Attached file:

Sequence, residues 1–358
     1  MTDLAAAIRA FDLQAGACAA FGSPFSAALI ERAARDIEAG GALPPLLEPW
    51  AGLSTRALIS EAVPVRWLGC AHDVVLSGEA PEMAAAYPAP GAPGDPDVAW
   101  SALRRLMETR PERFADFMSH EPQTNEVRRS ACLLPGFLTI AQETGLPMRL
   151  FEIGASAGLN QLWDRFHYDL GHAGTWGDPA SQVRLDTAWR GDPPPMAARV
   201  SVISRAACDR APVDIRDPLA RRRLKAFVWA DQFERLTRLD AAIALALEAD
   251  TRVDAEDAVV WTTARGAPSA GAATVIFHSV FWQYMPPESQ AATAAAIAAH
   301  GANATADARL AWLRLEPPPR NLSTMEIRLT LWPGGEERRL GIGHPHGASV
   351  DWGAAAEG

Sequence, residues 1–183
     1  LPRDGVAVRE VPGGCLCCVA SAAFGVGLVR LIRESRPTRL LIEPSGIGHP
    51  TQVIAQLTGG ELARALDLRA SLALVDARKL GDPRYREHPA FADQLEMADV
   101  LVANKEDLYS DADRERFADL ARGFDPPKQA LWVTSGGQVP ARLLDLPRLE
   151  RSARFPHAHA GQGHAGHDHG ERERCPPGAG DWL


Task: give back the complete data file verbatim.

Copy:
Sequence, residues 1–358
     1  MTDLAAAIRA FDLQAGACAA FGSPFSAALI ERAARDIEAG GALPPLLEPW
    51  AGLSTRALIS EAVPVRWLGC AHDVVLSGEA PEMAAAYPAP GAPGDPDVAW
   101  SALRRLMETR PERFADFMSH EPQTNEVRRS ACLLPGFLTI AQETGLPMRL
   151  FEIGASAGLN QLWDRFHYDL GHAGTWGDPA SQVRLDTAWR GDPPPMAARV
   201  SVISRAACDR APVDIRDPLA RRRLKAFVWA DQFERLTRLD AAIALALEAD
   251  TRVDAEDAVV WTTARGAPSA GAATVIFHSV FWQYMPPESQ AATAAAIAAH
   301  GANATADARL AWLRLEPPPR NLSTMEIRLT LWPGGEERRL GIGHPHGASV
   351  DWGAAAEG

Sequence, residues 1–183
     1  LPRDGVAVRE VPGGCLCCVA SAAFGVGLVR LIRESRPTRL LIEPSGIGHP
    51  TQVIAQLTGG ELARALDLRA SLALVDARKL GDPRYREHPA FADQLEMADV
   101  LVANKEDLYS DADRERFADL ARGFDPPKQA LWVTSGGQVP ARLLDLPRLE
   151  RSARFPHAHA GQGHAGHDHG ERERCPPGAG DWL